• Owning Long Tail Queries 

    Long Tail Queries are super-specific phrases that searchers use. For example, the long tail search for “black wool jackets under $100” will bring a searcher more relevant results to what they’re looking for versus searching key words “black jackets”. The best part about optimizing for long tail queries is while they may have less traffic is that it also means less competition. Not to mention you’ll be gaining traffic from a group of solid potential customers and not someone who meant “black track jackets”.
     
  • Writing How You Speak 
    Since Google’s “Hummingbird” update, it’s become increasingly important to write exactly as you would speak, using “conversational speech” in optimization efforts. An SEO specialist is versed in how to write for the web and knows that Google favors natural-flowing speech over mechanical, stiff phrasing.
     
  • Quality Over Quantity 
    Using good keywords over and over again isn’t going to help your rankings; neither are links to your site from other low-ranking sites. In fact, these tactics will hurt them. Today’s SEO focuses on the context of web pages. The best practice is to use keywords only where they fit, discuss niche and related products if applicable, and have original, useful content that is valuable to users. Fluff need not apply.
     
  • Full Service Integration
 
    Good SEO is not freestanding; it needs support. This support comes from marketing pieces that are directly related to your content, for example: an info graphic that is easily shareable on social networks, optimized with keywords, and distributed to the right areas. Achieving good SEO involves a comprehensive digital marketing plan that connects each component with actionable data. Each marketing effort is only a slice of the pie that makes up the whole.

 

In order to be successful, these tips should always be a part of your SEO plan. No matter what your site’s goals are, knowing strategies like these will help you on your journey to Google’s first page!

student shadows element

As part of Element’s continued effort to encourage young professional growth within Northeast Wisconsin, we recently opened our doors to a motivated scholar wanting to learn more about us and how an advertising agency works.

It was our pleasure to meet Tara Lovdahl, an art and English double major at St. Norbert College. Tara is a movie critic, competitive board game player, and freestyle dancer. She doesn’t have a favorite color. “I don’t discriminate,” she said.

Tara came to Element in hopes of gaining a better understanding of how an agency works, along with getting some advice from our experienced staff on what it’s like to be part of the professional world.

After introductions and a tour, we put Tara to work with our copywriter, Eric. “Since Tara’s double-major gives her a unique skill set, I was able to put her writing and concepting skills to the test using some real-life examples. Tara showed insight and abilities beyond what I expected.”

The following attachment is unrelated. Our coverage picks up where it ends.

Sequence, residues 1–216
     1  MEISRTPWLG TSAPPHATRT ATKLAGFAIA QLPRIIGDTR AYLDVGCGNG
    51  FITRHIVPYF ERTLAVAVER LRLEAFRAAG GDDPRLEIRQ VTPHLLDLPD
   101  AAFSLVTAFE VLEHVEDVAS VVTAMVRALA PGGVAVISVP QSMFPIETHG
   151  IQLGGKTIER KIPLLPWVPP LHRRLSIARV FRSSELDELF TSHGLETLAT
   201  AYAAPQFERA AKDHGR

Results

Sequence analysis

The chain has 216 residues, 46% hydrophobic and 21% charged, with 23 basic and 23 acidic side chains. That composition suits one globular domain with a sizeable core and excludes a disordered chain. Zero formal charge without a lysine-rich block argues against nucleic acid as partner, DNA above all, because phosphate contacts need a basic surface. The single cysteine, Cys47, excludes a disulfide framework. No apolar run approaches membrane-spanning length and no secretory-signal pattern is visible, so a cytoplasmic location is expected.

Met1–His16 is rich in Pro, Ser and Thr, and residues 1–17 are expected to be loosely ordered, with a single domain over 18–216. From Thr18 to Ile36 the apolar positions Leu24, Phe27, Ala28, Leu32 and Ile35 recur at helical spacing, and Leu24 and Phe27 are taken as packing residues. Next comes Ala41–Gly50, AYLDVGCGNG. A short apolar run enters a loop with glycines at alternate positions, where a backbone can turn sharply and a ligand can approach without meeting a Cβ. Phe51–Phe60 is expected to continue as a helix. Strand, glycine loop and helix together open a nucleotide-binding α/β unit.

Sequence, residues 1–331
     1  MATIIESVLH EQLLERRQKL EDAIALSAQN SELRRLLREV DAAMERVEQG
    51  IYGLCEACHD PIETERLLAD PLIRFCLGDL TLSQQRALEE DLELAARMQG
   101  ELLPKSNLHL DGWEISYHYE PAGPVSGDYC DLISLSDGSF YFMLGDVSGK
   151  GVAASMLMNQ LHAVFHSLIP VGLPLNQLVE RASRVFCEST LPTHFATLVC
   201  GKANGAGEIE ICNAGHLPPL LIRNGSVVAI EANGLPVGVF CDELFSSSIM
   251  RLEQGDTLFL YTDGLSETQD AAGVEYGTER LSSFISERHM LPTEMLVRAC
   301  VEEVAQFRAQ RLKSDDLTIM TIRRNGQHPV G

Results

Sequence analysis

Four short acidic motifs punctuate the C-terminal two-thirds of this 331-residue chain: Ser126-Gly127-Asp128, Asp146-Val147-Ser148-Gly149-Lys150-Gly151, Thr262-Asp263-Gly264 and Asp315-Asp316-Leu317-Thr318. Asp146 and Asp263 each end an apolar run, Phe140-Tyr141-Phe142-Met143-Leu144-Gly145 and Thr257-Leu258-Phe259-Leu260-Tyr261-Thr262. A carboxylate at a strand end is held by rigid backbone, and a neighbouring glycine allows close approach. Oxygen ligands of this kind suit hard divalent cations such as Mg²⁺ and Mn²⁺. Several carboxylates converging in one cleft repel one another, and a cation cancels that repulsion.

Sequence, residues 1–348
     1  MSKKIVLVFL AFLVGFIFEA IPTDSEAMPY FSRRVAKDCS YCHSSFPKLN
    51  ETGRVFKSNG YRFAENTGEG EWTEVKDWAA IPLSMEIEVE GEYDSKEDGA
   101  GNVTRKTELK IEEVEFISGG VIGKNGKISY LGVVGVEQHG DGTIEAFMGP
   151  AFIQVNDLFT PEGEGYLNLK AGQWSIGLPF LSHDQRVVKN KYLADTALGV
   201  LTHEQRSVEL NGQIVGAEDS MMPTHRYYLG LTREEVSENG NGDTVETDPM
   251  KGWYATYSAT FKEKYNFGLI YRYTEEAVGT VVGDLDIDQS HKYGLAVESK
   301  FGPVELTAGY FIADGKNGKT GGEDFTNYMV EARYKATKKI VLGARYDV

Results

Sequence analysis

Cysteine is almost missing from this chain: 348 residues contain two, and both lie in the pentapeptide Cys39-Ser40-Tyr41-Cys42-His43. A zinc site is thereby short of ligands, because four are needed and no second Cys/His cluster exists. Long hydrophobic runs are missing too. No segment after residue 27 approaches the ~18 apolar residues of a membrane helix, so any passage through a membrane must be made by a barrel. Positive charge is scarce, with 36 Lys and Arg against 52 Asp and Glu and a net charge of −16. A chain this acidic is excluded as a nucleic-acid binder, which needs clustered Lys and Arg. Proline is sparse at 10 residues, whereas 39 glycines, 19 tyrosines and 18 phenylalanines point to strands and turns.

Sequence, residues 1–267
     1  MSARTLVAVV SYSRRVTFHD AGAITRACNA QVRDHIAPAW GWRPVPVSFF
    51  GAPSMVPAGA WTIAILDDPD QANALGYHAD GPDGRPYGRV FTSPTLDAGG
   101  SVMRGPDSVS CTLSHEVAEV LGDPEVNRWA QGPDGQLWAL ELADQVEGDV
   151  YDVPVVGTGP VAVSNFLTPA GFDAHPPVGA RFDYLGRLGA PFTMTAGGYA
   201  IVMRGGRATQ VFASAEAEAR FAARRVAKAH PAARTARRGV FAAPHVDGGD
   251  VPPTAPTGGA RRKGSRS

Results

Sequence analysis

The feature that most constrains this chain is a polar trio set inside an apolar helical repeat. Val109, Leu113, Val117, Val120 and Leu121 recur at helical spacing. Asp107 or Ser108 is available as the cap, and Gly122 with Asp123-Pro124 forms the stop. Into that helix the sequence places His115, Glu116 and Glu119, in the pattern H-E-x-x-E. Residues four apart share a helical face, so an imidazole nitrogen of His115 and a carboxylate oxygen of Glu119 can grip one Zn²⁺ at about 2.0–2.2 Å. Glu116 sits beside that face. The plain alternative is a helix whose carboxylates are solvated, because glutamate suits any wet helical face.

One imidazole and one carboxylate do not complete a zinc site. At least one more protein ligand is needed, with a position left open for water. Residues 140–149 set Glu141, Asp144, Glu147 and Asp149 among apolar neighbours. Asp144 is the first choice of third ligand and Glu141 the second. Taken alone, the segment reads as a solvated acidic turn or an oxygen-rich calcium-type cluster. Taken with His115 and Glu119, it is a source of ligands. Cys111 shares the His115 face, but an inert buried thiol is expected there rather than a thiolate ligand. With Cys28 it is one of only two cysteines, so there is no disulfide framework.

Before visiting Element, Tara had a Mad Men-like impression of ad agencies; a smoky collection of offices filled with suited, scotch-drinking men.  Fortunately (we think), we demystified her stereotype and were able to show her Element’s uncommon personality.

“As an English major, I like to think of things in terms of stories; hearing everyone’s unique professional experience in the creative field was helpful for me as I approach my own journey into a career.” She says she enjoyed getting a better idea of the ad agency’s process along with getting to know Element’s unique culture. “It was also nice being recognized as an improvisational performer from Comedy City, which might make me a J-list celebrity.”

It was a pleasure to meet Tara and have her job shadow at Element. If you or anyone you know is interested in getting to know more about Element, please contact us. We’d love to meet you!

Account Assistant / SEO Coordinator

Element is seeking a full-time Account Assistant / SEO Coordinator, requiring a minimum of one year experience. Responsibilities include general administration duties, assisting account executives, and coordinating client search engine optimization programs as listed below. To apply, please email a PDF of your resume and cover letter to derek@goelement.com.

Job Responsibilities Include:

-Answer telephone calls and perform general reception duties that include ordering office supplies, proofreading copy, artwork, and agency proofs as requested, and assisting with new business mailings.
 
-Provide administrative assistance to account executives on day-to-day client activities, including responding to client phone calls and emails, handling mail/packages, production and creative deadlines, media placements, etc., to ensure continued progress of client workflow in the absence of the assigned account executive.
 
-Prepare meeting rooms and act as a host/hostess for visiting clients.
 
-Maintain digital/hard copy client and general office files.
 
-Research, collect, and analyze search engine data, leveraging internal and external resources to execute effective search engine optimization programs.
 
-Manage day-to-day paid search campaigns, including keyword generation and ad testing.
 
-Analyze monthly search engine optimization reports and provide assistance on all search engine optimization tactics.
 
-Monitor social media and search engine optimization trends.